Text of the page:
Westworld (Cont.)

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Jonathan Nolan and Lisa Joy’s take on Westworld has wrapped its first season, and it was glorious. Possibly the headiest and heated first season for any television show, it took great pains to create a meticulously detailed world, only to have it set for utter destruction by the end of its run. Mind you, I may be spoilering a bit here (but no more than I need to), so if you have yet to see the show you may not want to read any further (but you just might).

The biggest mind-blower was the fact that the show, from the first episode, was running in three different concurrent timelines. This was not revealed immediately but was slyly hinted at in details presented onscreen. The casual viewer will be dissuaded by clever editing and writing, but even this was done for a sincere reason — to invest ourselves in the characters, and their motivations. Had we known for certain what we were watching in a more linear manner would have simply made things terse and wanting, the given method truly involved the viewer as an active participant, should the many reddit threads and youtube videos prove to be self-evident.

Secondly, the character arcs were genuinely satisfying. There were relatively few of them who didn’t go through a considerable metamorphosis, albeit some had begun a passage that will probably continue into the next season. This includes humans as well as the aforementioned android “hosts”, with the overall effect being a balancing of the board, so to speak — and an open wake for things to come.

Lastly, I want to point out the magnificent performances of the cast. Jeffrey Wright is simply amazing. I cannot go on enough about what an incredible actor he is, able to take the most subtle and transient emotions his character(s — SPOILERS) surmount and ingest throughout this telling season. I’ve been a fan of his for a while, but he really has been given a role worthy of his finesse with Westworld. Evan Rachel Wood is a revelation. The entire show impinges on her character, and she carries the weight with an even stride. Her performance is effortless and evocative, and I can’t wait to see what she’ll do next. Thandie Newton is an absolute delight, and Anthony Hopkins and Ed Harris do their usual brilliant takes on their given characters. I’ll have to admit that my favorite character is Ingrid Bolsø Berdal’s Armistice — she is so goddamn foxy, missing an arm or not (SPOILERS) — and I hope to see more of her in the upcoming season.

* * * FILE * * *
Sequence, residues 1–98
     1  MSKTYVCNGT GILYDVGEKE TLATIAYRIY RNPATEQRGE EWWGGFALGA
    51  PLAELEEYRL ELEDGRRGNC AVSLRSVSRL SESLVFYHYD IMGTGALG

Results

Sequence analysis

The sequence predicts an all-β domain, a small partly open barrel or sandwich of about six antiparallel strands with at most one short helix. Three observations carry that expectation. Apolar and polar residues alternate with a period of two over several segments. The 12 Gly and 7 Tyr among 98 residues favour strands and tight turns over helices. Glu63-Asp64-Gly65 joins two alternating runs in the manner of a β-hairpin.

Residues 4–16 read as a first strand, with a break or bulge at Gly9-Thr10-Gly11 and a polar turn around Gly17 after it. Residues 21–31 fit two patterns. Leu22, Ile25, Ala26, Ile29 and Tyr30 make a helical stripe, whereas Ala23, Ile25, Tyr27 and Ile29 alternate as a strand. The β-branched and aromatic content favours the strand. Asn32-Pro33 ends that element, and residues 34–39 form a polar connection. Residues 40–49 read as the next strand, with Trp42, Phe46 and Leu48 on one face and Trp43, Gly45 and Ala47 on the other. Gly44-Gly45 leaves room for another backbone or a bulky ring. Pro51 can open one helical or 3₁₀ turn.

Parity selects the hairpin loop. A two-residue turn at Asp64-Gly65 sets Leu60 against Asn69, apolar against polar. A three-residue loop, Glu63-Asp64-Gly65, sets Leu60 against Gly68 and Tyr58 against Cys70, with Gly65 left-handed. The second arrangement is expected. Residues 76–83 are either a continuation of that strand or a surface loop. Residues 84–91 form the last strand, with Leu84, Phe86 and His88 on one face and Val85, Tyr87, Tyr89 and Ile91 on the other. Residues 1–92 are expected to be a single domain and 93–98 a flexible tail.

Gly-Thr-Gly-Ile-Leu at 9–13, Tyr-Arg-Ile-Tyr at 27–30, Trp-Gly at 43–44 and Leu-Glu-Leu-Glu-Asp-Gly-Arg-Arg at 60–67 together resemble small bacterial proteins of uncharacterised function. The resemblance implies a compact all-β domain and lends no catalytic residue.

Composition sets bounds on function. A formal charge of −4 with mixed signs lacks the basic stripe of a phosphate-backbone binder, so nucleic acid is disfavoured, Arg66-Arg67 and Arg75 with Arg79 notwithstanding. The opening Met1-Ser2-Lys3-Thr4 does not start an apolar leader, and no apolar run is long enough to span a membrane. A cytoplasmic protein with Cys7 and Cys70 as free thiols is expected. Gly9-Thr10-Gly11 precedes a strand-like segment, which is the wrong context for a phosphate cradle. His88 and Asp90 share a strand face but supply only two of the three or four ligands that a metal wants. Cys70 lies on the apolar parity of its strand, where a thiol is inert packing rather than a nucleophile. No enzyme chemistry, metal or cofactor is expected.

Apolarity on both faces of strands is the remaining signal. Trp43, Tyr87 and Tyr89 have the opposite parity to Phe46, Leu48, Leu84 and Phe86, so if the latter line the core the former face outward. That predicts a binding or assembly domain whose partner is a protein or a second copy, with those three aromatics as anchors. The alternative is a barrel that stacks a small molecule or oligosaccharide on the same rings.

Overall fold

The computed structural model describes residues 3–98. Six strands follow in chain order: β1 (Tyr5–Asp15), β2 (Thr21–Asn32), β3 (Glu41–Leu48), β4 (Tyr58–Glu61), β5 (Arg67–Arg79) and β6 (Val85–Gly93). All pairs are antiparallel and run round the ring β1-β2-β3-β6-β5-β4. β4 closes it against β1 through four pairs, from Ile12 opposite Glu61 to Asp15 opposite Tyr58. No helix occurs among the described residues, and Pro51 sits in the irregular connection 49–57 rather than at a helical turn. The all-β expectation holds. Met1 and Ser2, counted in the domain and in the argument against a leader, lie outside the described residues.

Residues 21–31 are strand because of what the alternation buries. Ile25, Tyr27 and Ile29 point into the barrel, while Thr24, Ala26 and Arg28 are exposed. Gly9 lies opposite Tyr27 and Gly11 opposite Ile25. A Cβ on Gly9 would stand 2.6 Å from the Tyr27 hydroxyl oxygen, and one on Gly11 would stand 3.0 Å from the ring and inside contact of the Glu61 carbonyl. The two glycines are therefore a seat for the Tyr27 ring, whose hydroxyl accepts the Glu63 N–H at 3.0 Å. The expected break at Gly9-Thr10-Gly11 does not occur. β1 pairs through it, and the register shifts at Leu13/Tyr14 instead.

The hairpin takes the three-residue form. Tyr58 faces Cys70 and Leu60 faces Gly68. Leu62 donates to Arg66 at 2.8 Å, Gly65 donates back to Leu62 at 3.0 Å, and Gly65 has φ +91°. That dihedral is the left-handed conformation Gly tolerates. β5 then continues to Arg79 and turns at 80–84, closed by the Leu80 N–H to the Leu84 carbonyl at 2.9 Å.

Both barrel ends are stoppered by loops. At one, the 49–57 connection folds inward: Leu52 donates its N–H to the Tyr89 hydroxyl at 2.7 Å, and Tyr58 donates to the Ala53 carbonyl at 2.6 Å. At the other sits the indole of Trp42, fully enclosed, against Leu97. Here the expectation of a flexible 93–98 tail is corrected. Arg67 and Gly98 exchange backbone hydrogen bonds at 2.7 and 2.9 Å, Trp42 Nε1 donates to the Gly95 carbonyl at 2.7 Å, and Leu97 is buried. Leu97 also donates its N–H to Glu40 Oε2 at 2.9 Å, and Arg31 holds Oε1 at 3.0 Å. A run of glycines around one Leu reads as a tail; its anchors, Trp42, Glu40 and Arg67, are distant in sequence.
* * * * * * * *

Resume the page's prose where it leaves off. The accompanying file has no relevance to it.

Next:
Westworld.

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Way back in 1973, science fiction author Michael Crichton (who had already had cinematic success with Robert Wise’s adaptation of his novel The Andromeda Strain) apparently finagled enough leeway in Hollywood to create a film that he would both write and direct — Westworld.

While not the greatest of films, Westworld had a number of fascinating concepts — many of which Crichton would carry over some twenty years later to his novel (and screenplay) Jurassic Park. Both were based on visions of far-flung amusement parks, places filled with a number of random elements which would end up subjugating their visitors. As Jurassic Park had dinosaurs that “found a way” to mate, mutate and rise against their surroundings, Westworld had android “hosts” that interacted with guests, with some of them becoming independent of their programmed scripts, much to the regret of their human victims.

Again, the film (while a huge fave of mine, ever since I saw it on TV on the CBS Late Night Movie as a kid) was only enough of a success to warrant a dismal sequel, Futureworld (which Crichton had nothing to do with), in 1976, it died a quiet death in the shadow of the Jurassic franchise (which is still ongoing, with the upcoming Jurassic World II). Leave it to Jonathan Nolan, best known for co-writing such amazing films as the Dark Knight series, The Prestige and the source of the film Memento with his brother, director Christopher Nolan, to find a new path in Crichton’s pre-Jurassic footsteps.

Along with co-author Lisa Joy, and fellow producer J. J. Abrams, Nolan has brought a much darker take on Crichton’s concepts. Given our greater understanding of such things as computer programs and Massively Multiplayer Online games (which Westworld is the ultimate iteration of — *SPOILER* in particular Ed Harris’ “Man in Black” could be seen as the ultimate “griefer”), Nolan runs with the given status of Crichton’s original and proceeds to warp and wend it to many new and fascinating ways. The echoes of Blade Runner and Moore and Eick’s brilliant take on Battlestar Galactica are informed here as well, with many new potential insights hinted at from the first episode. This new Westworld is gonna be a barnstormer (and I’m not only referring to what Harris does with Evan Rachel Wood), hopefully for seasons to come.